Cider, Part 1
Apples grow well in Upstate New York, where I was raised, and fresh pressed apple cider was a favorite autumn treat. Sometimes we'd drive out to a cider mill in a rambling old barn and buy it fresh from the press. The result was tangy, cloudy with apple particles, and delicious. Even as a kid, I found cider more tasty than apple juice, which was filtered to clearness, too sweet, and not very interesting.
Sometimes the cider would turn a little "hard," meaning fermentation was adding a bit of alcoholic kick, but for us, it was basically a non-alcoholic beverage. I still enjoy this kind of cider, and if I have guests around the holidays, I'll often heat up a gallon, adding whole spices like stick cinnamon and cloves and allspice. I'll also slice up an orange into pretty round circles and simmer it all together for a hot cider punch. Nice!
Cider, Part 2
When I moved to England, I discovered a new kind of cider: a traditional alcoholic beverage that goes way back in history. Fermentation is basically an anaerobic chemical reaction involving sugar and yeast, and the sugar can come from many sources, including grapes and malted grains, which are used in wine and beer respectively. Drinks similar to cider can be made from other fruits--perry, which I've never tried but would like to, is made from pears, and I gather peaches can be used as well. I'd love to sample that!
The modern version of British cider is a bottled beverage that is filtered so it hasn't the cloudiness I was used to. Commercial varieties have specific alcohol levels--usually, but not always, on the light side. Bulmer's Woodpecker Cider is popular and widely available, including in the US. It was first brewed in Herefordshire--good apple country!--in 1894.
When I lived in Oxford, guests at student parties would bring bottles of alcoholic beverages to contribute to the refreshments. Top of the pecking order was a bottle of wine, followed by beer, with cider brought by those for whom money was particularly tight. The drinks would be finished off in that order, too, with cider bottles the last to be emptied. A ditty I learned at the time said, "Beer on cider, is a good rider. Cider on beer, will reappear." I think it was a warning. <G>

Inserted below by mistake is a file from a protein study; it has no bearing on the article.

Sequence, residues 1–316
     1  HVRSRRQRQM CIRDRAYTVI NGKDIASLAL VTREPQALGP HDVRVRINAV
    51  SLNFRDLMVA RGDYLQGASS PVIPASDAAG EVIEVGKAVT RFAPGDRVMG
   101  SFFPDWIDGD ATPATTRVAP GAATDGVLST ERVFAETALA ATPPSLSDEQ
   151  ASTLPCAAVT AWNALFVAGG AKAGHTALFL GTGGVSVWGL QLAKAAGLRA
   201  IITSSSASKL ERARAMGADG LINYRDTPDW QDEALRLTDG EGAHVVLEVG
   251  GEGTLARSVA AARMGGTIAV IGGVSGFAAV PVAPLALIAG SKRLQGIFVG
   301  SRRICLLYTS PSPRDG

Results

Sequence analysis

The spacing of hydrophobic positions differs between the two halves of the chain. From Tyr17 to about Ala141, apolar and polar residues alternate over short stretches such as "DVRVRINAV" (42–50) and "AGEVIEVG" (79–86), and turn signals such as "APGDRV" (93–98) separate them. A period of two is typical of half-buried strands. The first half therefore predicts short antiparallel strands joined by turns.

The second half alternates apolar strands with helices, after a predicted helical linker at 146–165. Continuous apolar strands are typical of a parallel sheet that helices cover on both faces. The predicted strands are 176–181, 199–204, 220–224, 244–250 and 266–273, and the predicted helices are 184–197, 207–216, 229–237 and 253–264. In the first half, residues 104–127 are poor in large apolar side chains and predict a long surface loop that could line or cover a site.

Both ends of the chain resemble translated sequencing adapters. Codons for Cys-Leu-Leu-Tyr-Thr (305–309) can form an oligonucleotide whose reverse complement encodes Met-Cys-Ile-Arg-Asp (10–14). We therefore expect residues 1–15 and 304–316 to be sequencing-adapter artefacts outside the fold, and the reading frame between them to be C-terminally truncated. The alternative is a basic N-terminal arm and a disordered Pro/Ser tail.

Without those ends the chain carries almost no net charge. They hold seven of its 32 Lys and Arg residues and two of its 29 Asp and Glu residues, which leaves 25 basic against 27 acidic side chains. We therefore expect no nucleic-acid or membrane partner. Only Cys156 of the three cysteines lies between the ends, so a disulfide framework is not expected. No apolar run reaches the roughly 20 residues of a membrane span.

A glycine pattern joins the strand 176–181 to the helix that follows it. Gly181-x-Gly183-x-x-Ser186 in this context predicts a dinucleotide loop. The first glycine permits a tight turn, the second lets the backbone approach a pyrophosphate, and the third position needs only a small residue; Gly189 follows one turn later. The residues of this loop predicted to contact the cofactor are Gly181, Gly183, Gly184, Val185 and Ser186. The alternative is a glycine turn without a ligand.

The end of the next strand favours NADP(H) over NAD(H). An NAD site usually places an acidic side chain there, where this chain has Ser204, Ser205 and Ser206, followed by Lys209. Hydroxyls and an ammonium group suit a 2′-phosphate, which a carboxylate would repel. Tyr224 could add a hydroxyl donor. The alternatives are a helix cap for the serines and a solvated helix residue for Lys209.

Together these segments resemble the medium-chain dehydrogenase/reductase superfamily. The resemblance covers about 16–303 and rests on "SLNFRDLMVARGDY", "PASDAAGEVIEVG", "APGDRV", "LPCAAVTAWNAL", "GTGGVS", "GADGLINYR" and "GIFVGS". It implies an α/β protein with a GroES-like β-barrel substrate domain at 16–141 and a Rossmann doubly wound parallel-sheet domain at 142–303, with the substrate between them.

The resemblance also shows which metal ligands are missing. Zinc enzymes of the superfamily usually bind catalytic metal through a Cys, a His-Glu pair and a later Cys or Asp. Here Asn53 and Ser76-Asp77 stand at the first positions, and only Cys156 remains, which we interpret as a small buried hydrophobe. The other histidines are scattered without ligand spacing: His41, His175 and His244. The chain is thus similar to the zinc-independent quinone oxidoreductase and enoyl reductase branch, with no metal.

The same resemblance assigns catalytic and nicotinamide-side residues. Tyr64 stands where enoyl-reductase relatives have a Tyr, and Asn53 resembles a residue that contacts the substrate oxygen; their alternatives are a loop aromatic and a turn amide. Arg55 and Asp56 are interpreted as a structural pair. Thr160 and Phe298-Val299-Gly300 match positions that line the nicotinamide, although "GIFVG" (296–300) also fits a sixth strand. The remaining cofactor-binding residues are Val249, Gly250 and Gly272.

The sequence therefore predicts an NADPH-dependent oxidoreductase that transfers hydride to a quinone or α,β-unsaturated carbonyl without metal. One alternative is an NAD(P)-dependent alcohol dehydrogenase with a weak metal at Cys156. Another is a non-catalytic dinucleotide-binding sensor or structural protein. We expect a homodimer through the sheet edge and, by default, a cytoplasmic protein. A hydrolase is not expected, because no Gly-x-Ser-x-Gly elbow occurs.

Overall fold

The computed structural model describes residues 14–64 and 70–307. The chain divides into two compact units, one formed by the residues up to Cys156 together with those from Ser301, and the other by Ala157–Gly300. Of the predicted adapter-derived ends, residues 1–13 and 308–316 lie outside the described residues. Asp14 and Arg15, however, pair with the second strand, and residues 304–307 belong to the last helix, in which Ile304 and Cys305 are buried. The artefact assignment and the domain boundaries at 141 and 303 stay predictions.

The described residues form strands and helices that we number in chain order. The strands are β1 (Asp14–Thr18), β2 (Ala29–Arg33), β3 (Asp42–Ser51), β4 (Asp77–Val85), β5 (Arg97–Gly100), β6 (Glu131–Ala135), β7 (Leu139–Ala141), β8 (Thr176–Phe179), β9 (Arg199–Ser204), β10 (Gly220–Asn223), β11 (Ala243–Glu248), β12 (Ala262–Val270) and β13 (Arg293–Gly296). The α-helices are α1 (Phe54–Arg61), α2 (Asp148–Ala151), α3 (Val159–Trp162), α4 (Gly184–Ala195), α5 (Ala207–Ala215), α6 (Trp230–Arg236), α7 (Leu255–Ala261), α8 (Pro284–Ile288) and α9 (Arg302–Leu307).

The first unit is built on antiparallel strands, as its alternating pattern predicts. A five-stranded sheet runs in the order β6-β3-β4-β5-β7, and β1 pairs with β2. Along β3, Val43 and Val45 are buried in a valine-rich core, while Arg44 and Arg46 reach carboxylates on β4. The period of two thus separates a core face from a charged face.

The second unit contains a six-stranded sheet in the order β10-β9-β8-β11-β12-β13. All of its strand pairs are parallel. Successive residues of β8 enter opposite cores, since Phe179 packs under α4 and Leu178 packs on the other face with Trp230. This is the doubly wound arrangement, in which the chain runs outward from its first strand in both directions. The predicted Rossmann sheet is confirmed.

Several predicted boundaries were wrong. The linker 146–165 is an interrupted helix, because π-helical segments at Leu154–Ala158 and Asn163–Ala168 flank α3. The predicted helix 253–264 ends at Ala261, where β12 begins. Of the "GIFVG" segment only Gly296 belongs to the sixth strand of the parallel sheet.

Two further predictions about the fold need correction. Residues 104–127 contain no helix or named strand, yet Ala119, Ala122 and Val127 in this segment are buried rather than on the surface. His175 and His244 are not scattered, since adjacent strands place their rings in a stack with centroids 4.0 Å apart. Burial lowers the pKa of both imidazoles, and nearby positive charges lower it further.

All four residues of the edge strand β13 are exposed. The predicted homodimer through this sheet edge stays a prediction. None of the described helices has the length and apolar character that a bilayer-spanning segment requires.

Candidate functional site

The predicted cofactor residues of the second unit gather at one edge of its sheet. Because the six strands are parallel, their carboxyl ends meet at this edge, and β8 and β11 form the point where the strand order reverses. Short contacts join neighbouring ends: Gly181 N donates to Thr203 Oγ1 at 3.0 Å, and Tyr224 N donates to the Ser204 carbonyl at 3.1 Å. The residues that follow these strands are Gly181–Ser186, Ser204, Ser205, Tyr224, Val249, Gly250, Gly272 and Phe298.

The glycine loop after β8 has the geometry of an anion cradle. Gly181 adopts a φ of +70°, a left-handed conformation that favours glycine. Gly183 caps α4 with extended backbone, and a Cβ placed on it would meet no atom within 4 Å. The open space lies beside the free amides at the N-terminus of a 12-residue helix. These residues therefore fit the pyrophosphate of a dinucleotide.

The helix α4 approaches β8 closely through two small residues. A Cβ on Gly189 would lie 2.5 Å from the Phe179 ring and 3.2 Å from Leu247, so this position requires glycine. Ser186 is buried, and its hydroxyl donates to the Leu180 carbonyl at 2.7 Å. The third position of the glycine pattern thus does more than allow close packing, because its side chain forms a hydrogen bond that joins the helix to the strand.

Now cider is turning into an artisanal beverage, which I discovered when the Mayhem Consultant suggested we visit the Millstone Cellars in the farm country half an hour or so north of us. Millstone is in a handsomely remodeled historical barn, and it handcrafts ciders and meads, just as vintners and boutique beer brewers make their beverages. Way fun!
We learned that different kinds of apples are used, and that cider apples are often too tannic to be good eating apples. Millstone seeks out farmers who raise heirloom apple varieties, and they continually experiment to come up with new flavors. Adding ginger strikes me as a fine idea, and they had a batch aging with stalks of lemongrass, which looked like bamboo. (Pictures below are from the Millstone site.)
I bought a bottle of Cherrykriek, which combines sour cherries with cider made from Rome Beauty and York Imperial apples. It has a pinkish tone and a pleasant fruity tang. The MC went for Blossom, made with Jonathan and McIntosh apples and wildflower honey.
I don't know much about the mead, which is made from honey and is one of the most ancient and widely made fermented beverages of all. I'd read about it in books, and when I lived in California many years ago, I saw a bottle in a store and bought it out of curiosity. It was ghastly. <G>
But now mead has become another artisanal beverage and is being made with sophistication and creativity. Different varieties of honey will give different flavors for a base, and additional flavorings can be added. When we got married, a friend gave us a bottle of boutique mead made by her brother's company in Santa Fe, and it was a very different and much more interesting proposition from the mead I'd had years earlier.
I find it fascinating how these older drinks are being reborn in new ways, and are being made with the same care as wine and beer. Are you a fan of cider? Was it part of your childhood? Have you tried mead? What do you think of them?
My book The Bargain has a scene when the hero and heroine are enjoying a picnic that includes cider made on his Hereford estate. So just for fun, I'll give away a copy of the book to one person who comments between now and Thursday midnight. And maybe tonight I'll open my bottle of Cherrykriek cider!